Ophir Mill Ghost Town

Some of the best experiences out there require a little bit of work—at least that rings true when it comes to Nevada’s best fishing, backcountry wilderness areas, stargazing, and hot springs. There are plenty of Nevada ghost towns right along the highway, making pull-over-the-car access easier than ever. Then there are others where you may have to work for it a little (ok a lotta) bit harder, but the ruins and history within make the trek all the more satisfying. Ophir Mill, or sometimes called Toiyabe City, is most definitely the latter, and a place where the adventure of getting there is all part of the experience.

From some of the most impressive still-standing stone masoned 20 stamp mills in the Silver State, to original miner cabins, and the true backroads adventure in order to access, Nevada speaks with this central Nevada ghost town great.

Situated in the heart of the Big Smoky Valley, extreme isolation was part of the deal with Ophir Mill first boomed in the mid 1860s and is still part of the experience today, which is (thankfully!) part of the reason the place is still so damned intact. Nestled in the Toiyabe range between Austin and Tonopah, an impressive amount of stone foundations can be found in Ophir Canyon, including a once-elaborate (and pricey) 20-stamp mill, all kinds of miner cabins and old stores, and a historic cemetery. 

man and dog at ophir mill ghost town
hiking at ophir mill ghost town

In this Nevada boomtown, they were chasing gold and silver ore, which attracted a population of about 400 people and when all was said and done, a total of two million dollars in profit. The Murphy Mine was Ophir’s main producer, which prompted the development of a $200,000 stone-masoned stamp mill, which for the time, was expensive and elaborate. Today, the mill ruins alone are worth the trek into Ophir, and the old mercantile shops and impressively intact miner cabin ruins make the trip all the more satisfying.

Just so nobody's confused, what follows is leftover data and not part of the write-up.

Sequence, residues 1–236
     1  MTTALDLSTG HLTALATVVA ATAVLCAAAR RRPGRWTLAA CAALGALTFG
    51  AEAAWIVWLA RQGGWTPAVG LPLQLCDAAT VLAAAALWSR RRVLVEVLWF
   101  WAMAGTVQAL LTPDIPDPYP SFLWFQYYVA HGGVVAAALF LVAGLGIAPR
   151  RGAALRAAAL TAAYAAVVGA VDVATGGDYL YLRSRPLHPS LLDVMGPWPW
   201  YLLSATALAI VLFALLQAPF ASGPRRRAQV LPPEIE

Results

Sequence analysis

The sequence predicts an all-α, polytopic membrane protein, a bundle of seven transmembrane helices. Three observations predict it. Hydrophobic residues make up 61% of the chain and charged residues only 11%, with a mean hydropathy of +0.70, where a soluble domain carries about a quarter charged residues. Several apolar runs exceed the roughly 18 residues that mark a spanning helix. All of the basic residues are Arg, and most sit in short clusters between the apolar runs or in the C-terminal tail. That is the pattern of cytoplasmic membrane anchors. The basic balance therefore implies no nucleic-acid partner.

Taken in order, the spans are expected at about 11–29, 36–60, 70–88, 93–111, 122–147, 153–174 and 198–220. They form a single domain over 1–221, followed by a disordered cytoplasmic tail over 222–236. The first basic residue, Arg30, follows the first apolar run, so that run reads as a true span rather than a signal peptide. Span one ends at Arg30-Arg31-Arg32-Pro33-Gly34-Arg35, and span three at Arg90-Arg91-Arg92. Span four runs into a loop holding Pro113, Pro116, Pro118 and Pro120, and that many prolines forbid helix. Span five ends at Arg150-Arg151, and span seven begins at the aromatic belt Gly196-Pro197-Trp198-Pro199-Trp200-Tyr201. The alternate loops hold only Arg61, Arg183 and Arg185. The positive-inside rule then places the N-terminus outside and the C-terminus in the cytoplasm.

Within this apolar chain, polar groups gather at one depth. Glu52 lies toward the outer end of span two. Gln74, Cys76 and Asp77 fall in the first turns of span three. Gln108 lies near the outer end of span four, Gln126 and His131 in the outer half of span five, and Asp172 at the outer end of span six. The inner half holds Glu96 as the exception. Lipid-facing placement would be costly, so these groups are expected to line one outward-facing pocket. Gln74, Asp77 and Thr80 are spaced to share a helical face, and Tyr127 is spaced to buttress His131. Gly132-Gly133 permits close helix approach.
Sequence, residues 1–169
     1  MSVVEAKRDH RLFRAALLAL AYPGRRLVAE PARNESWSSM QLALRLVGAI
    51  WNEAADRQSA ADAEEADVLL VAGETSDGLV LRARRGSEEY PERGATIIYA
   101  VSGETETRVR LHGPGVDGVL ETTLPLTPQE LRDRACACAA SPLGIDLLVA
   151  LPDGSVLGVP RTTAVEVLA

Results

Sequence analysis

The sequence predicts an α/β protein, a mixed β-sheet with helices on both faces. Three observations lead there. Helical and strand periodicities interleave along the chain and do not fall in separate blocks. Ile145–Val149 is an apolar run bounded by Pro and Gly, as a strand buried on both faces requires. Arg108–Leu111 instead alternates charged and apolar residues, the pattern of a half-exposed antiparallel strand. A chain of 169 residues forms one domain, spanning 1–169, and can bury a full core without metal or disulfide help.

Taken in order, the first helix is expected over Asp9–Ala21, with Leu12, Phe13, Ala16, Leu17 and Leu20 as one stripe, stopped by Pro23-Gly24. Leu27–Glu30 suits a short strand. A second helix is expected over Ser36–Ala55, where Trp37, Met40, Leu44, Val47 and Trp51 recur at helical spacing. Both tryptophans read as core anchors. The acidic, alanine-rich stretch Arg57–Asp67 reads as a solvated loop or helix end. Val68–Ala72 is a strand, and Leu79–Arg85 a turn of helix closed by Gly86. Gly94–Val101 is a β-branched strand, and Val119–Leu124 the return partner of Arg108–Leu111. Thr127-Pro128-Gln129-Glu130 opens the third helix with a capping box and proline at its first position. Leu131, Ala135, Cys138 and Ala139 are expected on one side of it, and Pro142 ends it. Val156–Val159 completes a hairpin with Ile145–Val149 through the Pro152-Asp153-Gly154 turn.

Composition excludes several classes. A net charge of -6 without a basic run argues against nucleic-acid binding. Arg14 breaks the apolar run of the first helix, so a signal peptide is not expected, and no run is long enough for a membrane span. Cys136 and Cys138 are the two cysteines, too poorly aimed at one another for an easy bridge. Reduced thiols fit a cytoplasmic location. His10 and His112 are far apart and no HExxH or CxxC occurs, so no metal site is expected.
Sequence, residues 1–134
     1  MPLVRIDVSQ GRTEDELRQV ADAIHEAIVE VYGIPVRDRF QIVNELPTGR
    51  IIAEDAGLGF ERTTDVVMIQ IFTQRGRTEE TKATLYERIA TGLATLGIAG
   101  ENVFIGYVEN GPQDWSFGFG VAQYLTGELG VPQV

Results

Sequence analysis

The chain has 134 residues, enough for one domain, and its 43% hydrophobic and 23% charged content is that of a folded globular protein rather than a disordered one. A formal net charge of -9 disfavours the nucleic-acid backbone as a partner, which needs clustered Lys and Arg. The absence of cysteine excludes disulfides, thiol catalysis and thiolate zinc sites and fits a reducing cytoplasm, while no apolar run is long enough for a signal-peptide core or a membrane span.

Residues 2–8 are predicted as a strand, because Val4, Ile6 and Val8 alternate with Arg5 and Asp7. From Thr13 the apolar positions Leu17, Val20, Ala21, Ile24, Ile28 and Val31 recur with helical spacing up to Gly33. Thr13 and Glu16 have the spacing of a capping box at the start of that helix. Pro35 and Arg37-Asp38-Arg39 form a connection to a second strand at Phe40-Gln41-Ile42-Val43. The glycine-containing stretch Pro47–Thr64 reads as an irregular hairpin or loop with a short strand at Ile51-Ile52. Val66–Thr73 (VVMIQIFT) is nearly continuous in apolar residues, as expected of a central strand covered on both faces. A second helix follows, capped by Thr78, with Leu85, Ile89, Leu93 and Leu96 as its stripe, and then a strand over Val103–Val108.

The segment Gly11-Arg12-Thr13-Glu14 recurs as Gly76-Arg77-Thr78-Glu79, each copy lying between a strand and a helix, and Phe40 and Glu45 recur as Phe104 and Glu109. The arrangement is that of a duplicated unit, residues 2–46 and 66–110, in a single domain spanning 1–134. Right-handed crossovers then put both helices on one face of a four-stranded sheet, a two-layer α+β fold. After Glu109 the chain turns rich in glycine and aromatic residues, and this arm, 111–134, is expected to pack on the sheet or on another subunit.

Getting There and Info to Know Before You Go

Ophir Nevada is located in central Nevada’s Big Smoky Valley in the Toquima Mountain Range. Situated south of Kingston and north of Round Mountain, this Nevada ghost town is a remote and challenging access, and should only be considered by experienced backroad drivers with 4×4 clearance. From Austin, head east on the Highway 50, then make a right (or southbound) turn on to State Route 376. Follow south for about 35 miles/30 minutes, then look for a blue Nevada-shaped historic marker on the right (west) side of the road—this will be your turn off into Ophir Canyon. From here, follow the rest of this increasingly narrow, rugged route over a handful of creek crossings and switchbacks a final five miles. Once you see the stone masoned mill ruins on your left, you’ll know you’ve made it! 

When traveling Nevada backroads (especially this one!) be sure to live by the Dirt Road Code and travel with 4×4 access and a spare tire. Carry plenty of snacks and water, be sure to let someone know where you’re headed and when you plan to return, and practice Leave No Trace methods whenever possible. And remember—there is only one safe way to deal with historic mine sites—stay out, stay alive. From shaky timber, cave-ins, dangerous air quality and old explosives, exploring in and around old mining sites is extremely unsafe. Do not attempt to enter old mine shafts or adits when exploring Nevada ghost towns.


Ophir Nevada is open 24 hours a day, 7 days a week. The only thing preventing you from accessing Ophir Canyon would be a seasonal, weather-related road closure. For more information on Ophir Mill Ghost Town, and to check road conditions before heading to this historic townsite, get in touch with Nevada BLM at (775) 861-6500.


Ophir Mill Ghost Town is protected by the Nevada Bureau of Land Management (BLM), making free public access available to all.

This Location:

North Central, Nevada




North Central